Airport Extreme Disappointment

My new Airport Extreme (the 802.11n model) is set up and humming, and everything looks good—better range, easier setup, better form factor. So why am I extremely disappointed?

Because it won’t share my RAID disk, and Apple won’t help me figure out how to make it happen. In fact, I had to go to their support forum to find out that the base station appears to have issues with RAID disks.

The good news is that I don’t have even 500 GB of content on the RAID disk, so theoretically I can back up the data, break the RAID set, and rebuild everything on the 500 GB volume.

The bad news: Back up the data to where? Hopefully I can find a way to move the music to a loaner disk or something.

And of course that’s just the first step. Next comes moving the iTunes library file off the old PowerBook, rebuilding it so that it points to the new disk—hopefully without losing all my playcount data this time! Then testing: synching the iPod, ripping a disc, copying music to the remote disk. The real question is, how many iTunes scenarios are bearable with a remote disk across an 802.11g network? And: will Apple or someone else come out with an 802.11n compatible card for the first generation MacBook Pro so that I can actually use the 802.11n features of the base station?

What blows me away, of course, is that this was a completely avoidable thing. The Mac has had support for software RAID for many years, and with a lot of people embracing digital lifestyles thanks to Apple, the likelihood that there are going to be a few people caught by this is pretty high.

Chicago, Chicago: that stop on the way home

I awake in the Windy City this morning, having arrived here late last night and checked into the Palmer House Hilton. It’s funny how a place like Vegas changes your perspective. Normally, I like the historical flavor of a place like the Palmer House, which is 135 years old and heavy on the scenery, particularly in the lobby. But after a few days at the Venetian, all I could think of when I stepped into my room was, This is tiny. In my defense, I think I was influenced primarily by my long ride in the middle seat and secondarily by the extensive plywood hiding the restoration work in the aforementioned lobby, which kind of cooled the impact.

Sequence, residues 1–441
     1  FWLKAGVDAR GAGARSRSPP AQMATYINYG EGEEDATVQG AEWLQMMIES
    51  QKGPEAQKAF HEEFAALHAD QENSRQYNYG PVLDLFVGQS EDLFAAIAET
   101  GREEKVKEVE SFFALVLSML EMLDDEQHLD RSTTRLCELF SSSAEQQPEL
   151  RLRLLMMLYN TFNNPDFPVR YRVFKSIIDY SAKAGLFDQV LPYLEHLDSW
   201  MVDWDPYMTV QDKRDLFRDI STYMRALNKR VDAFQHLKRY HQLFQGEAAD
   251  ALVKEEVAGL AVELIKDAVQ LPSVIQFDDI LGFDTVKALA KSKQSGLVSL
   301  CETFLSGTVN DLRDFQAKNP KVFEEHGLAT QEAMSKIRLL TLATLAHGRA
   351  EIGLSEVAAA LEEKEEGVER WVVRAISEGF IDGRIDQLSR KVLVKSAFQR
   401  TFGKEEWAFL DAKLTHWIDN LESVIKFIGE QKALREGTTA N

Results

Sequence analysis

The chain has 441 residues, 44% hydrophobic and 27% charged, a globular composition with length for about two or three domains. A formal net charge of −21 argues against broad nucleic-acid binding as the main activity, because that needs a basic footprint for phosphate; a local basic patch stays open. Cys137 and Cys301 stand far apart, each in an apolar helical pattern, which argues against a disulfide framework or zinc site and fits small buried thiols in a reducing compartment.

So: down to breakfast, and then home. And then tomorrow: jury duty. Yay.

Zune Phone to suck just as hard as the Zune…

As someone who is counting the days until his current Cingular contract expires in June so that he can pick up an iPhone, I thought the rumor that Microsoft was planning a Zune branded phone was pretty funny. Because, of course, the Zune brand has shown such market power to date that it has completely destroyed the iPod’s hold on the market.

Oh, wait. It hasn’t? Um, never mind.

But the take of the Crazy Apple Rumors Site on this rumor is one of the funnier things I’ve read in a while:

Beyond just the name, however, sources indicate that the Zellular Phone Call will have certain limitations inherited from the Zune platform.

For example, all calls will be wrapped in Microsoft’s DRM and the end-user license agreement will state that the contents of each call will be the property of Microsoft in perpetuity. Also, the Zellular Phone Call will only allow you to call someone three times. After that, every time you try to call that person you will hear a recording of a representative of the Recording Industry Association of America calling you a thief and yelling obscenities and threats at you.


Waiting for American

Leaving Las Vegas today (and yes, that would probably have made a better blog post title). Just wrapped up two days at the Pink Elephant conference at the Venetian. It was an interesting time—a lighter crowd than in past years for this conference, and coming in on Sunday night while the crowd for the NBA All Star game was still in town was a little… chaotic.

Getting out of town has been a little worrisome, too. The rumor coming back to the Venetian was that Southwest had overbooked their outgoing flights by about 40%, resulting in 9-hour-long lines at the ticket counters and a general swamping of the airport on Monday. It was pretty straightforward today, though.

Alas, I’m not going straight home; one more business meeting in Chicago calls. But after that I am back to Boston. Thank goodness.

Oh, and the big disappointment of the conference? No Beatles karaoke.

A suspicious award

Chris Riggs, a former partner in crime in my days in the Suspicious Cheese Lords, emailed me and other former members tonight to announce that the group won a Wammie—a Washington Area Music Association award—for choral group, classical. Considering that past Wammie classical winners have included Hesperus, Leonard Slatkin, the National Symphony, and Denyce Graves, this is a Big Deal indeed. Many congrats to the guys; I only wish I could have been there to see the award.

Update: Here is the full list of 2006 winners from the WAMA site.

Within Your Reach

Artist: The Replacements
Album: Hootenanny

I could live without so much
I can die without a clue
Sun keeps risin’ in the west
I keep on wakin’ fully confused

I never seen no mountain
Never swam no sea
City got me drownin’
I guess it’s up to me

I can’t live without your touch (2x)

Cold without so much